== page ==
Research paper subject ideas/topics related to Rust?

Hello! I'm a 3rd year CS student. I've been playing around with Rust for 2 years, and professionally working with it for 5 months. Next semester (starting in October) I'll be writing my first research paper and I'd like to do something Rust related.

Although as far as I know there is only a few professors in my uni who have heard of Rust, there are a lot of them interested in programming languages, functional programming, compilers, static analysis and other things that I think I could use as the central topic and then sneak some Rust in as the preferred language.

Some ideas I had were to write about behavioral types, such as typestates and session types, or something related to the borrow checker and what it achieves especially in concurrent applications.

Any other ideas of something interesting that I could research and write about? It doesn't have to be super specific, I was told to think of topics of interest and I guess I'll get some guidance afterwards once I have a starting idea.

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Wish these links be helpful:

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Panics in Rust add code bloat, complicated unwinding code, and complicate reasoning about control flow, which is dangerous in unsafe code. So I'd love to see some research trying to minimize panics in Rust programs.

For example, a static analysis proving absence of panics in Rust code. This is hard, because it needs analyzing which code is reachable given run-time inputs.

Another thing I'd love to see solved in Rust, is an optimization pass coalescing panics. This has four bounds checks with four unique panicking paths:

arr[0] + arr[1] + arr[2] + arr[3]

This has one:

arr[3] + arr[0] + arr[1] + arr[2]

I think both should have one.

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Yep, these are definitely useful. Thanks a lot!

There's the no-panic crate that prevents the code from compiling, detecting panics at link time. And then there's rustig that's an actual static analysis tool, recursively iterating through all of the functions, finding paths that lead to functions that can panic. I'm not sure I'd be able to add any more value than rustig, since the way they do it is how I'd do it too.

As for the second suggestion, I don't really have experience with compilers and how such optimizations work, but it seems interesting, so I guess I'd have a reason to start learning that. I'll try to look into it!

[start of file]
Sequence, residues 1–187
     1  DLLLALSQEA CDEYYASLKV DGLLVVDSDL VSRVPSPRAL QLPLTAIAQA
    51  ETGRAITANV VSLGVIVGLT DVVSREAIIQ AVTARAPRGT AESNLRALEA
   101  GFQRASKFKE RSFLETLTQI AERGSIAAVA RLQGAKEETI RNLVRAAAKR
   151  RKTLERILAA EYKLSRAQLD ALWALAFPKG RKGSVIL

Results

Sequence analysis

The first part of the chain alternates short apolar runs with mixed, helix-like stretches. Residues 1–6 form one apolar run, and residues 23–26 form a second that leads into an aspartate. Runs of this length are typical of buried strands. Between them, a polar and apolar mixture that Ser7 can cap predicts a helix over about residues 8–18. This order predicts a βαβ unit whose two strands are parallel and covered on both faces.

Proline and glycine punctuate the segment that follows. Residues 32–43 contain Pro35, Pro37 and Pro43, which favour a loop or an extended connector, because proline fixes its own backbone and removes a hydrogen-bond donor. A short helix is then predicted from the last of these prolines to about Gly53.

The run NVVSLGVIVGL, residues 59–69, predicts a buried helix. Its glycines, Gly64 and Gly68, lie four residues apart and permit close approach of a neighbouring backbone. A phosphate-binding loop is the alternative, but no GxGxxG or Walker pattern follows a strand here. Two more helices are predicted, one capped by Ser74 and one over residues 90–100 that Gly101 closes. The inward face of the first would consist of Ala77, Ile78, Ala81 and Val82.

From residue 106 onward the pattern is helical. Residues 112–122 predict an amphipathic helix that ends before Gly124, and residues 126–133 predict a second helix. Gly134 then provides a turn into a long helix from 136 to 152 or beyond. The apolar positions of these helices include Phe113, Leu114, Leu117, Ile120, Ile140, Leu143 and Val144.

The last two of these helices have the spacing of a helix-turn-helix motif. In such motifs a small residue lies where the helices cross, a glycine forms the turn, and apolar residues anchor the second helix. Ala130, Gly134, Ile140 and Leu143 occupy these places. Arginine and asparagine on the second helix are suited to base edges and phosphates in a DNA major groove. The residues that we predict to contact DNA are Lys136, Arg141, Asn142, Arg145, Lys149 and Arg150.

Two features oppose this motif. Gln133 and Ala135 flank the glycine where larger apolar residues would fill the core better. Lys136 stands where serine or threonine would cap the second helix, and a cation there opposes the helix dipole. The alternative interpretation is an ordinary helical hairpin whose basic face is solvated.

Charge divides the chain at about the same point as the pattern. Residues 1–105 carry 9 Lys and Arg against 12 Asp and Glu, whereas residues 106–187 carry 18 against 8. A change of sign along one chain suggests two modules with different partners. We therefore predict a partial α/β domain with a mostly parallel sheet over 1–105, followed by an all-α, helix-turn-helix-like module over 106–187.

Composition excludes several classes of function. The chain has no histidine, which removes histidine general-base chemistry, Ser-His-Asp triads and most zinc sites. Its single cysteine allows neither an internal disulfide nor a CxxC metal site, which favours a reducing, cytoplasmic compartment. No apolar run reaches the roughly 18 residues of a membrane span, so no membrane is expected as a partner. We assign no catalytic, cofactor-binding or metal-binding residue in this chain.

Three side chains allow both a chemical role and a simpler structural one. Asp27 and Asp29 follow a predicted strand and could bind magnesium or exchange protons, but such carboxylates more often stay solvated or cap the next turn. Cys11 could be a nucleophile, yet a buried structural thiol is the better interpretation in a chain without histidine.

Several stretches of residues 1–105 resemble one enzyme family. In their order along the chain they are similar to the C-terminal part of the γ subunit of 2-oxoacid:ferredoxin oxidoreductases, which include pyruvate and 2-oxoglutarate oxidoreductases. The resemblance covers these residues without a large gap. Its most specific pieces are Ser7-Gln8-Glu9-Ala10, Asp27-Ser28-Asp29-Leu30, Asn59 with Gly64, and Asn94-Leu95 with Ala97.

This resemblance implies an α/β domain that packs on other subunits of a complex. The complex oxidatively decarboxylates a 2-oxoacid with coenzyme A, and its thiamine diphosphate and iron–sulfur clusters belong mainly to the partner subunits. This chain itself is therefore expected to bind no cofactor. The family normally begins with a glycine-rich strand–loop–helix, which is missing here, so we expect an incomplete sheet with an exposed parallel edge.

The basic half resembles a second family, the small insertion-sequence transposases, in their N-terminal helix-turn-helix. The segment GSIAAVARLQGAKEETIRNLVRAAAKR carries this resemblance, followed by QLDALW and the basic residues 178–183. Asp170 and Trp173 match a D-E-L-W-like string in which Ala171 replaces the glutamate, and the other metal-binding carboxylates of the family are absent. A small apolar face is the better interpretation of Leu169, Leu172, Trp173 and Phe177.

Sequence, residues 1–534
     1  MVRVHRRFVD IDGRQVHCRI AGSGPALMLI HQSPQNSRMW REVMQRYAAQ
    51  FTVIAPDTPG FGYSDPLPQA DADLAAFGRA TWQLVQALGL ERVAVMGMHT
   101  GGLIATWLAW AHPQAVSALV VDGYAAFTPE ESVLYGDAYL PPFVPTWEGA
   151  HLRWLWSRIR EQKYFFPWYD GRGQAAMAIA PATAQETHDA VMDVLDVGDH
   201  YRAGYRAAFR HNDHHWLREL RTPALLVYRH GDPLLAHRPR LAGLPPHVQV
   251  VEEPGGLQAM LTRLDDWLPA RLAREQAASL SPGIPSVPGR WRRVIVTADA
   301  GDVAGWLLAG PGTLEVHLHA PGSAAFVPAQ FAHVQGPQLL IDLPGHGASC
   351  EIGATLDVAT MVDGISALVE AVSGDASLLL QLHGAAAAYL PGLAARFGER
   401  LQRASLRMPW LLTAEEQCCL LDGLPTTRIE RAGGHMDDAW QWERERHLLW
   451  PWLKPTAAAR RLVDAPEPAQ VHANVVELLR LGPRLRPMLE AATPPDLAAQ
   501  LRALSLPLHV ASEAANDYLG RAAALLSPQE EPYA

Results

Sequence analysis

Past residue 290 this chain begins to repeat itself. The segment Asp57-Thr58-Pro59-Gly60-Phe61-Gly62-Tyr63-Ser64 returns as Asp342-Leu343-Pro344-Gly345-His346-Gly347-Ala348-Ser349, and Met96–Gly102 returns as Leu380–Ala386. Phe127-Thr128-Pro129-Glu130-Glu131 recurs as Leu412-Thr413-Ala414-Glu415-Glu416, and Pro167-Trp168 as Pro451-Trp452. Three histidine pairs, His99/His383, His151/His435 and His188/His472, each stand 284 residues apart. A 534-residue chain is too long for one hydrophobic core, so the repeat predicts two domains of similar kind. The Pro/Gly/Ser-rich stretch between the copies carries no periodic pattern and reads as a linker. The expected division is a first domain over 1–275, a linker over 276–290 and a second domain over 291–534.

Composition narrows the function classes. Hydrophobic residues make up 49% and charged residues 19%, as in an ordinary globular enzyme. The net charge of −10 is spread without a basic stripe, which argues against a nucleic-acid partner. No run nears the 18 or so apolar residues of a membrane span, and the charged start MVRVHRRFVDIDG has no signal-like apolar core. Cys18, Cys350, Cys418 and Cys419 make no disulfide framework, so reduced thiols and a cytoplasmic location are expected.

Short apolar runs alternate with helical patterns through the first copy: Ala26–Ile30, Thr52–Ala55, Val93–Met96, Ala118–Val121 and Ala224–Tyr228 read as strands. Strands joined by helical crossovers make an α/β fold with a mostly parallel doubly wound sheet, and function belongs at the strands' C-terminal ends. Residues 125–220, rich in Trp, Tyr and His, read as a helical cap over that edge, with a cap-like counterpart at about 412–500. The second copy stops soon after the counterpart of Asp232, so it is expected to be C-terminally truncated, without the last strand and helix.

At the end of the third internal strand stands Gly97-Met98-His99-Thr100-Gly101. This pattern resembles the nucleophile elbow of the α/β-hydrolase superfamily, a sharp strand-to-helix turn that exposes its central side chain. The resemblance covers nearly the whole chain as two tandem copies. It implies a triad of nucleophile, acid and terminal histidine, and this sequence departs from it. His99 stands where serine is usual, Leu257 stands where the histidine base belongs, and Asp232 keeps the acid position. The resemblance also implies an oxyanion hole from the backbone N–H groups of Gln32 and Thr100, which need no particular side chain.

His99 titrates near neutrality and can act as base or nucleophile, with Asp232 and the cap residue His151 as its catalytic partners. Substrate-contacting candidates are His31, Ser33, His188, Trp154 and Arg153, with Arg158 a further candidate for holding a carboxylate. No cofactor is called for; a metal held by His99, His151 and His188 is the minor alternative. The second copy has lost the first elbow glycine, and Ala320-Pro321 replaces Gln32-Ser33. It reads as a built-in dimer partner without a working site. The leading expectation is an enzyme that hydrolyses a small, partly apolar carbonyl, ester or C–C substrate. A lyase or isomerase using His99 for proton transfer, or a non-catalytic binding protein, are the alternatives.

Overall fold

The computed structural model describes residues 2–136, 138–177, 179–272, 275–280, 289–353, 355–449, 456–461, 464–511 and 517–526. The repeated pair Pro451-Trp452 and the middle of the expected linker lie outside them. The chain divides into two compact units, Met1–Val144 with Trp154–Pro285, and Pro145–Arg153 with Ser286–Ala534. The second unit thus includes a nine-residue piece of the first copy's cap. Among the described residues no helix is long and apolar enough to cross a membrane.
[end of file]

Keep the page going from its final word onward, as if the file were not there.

Thanks a lot!

It surprises me to hear this. Usually, you'd do some research first, and then, if the research gives something interesting, write a paper. I mean, you can start the paper writing process quite soon when you have an interesting idea, but you cannot really start before you have any novel ideas. Failure is part of the research process (what you try doesn't always work ­— it rarely works, even), so you normally cannot make plans like "I want to write a paper, let me choose a subject first".

Well, technically, I'll just do research for some subject that I kind of choose. The research paper part is just what I assumed would happen afterwards, but I guess that's not always the case.

It is far from always being the case.

I don't know what the state of research is, but async, generators, and related things like Pin are an evolving part of the Rust language.

There's the no-panic crate that prevents the code from compiling, detecting panics at link time. And then there's rustig that's an actual static analysis tool, recursively iterating through all of the functions, finding paths that lead to functions that can panic. I'm not sure I'd be able to add any more value than rustig, since the way they do it is how I'd do it too.

Cool, I haven't heard of rustig before, thanks. :+1:

There is also a new tool called redpen by @ekuber. It is a "Rust code linter" that happens to implement the detection of panics with some beautiful error messages :sparkles: (it supports other lints as well):

@kornel FYI

redpen doesn't seem to do the analysis required to minimize false positives:

18 |     let mut v = vec![1];
19 |     v.swap_remove(0);
   |       ----------- panic can occur here
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This paper about Rust binary size may be of interest: https://dl.acm.org/doi/abs/10.1145/3519941.3535075

It's research that has already been done, of course, but it might give you some ideas.

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It's a plain reachability lint, it doesn't do additional analysis but it supports setting developer assertions that a lint won't trigger even if it is reachable. I haven't audited std to minimize false positives, but some use-cases want to ensure no possible reach of panics. Also, the output in the example is from a simplistic HIR checker, and am working now on a post-monomorphization MIR based one (that is working, I'm just cleaning it up now so it can be used for other checks like allocation failures).

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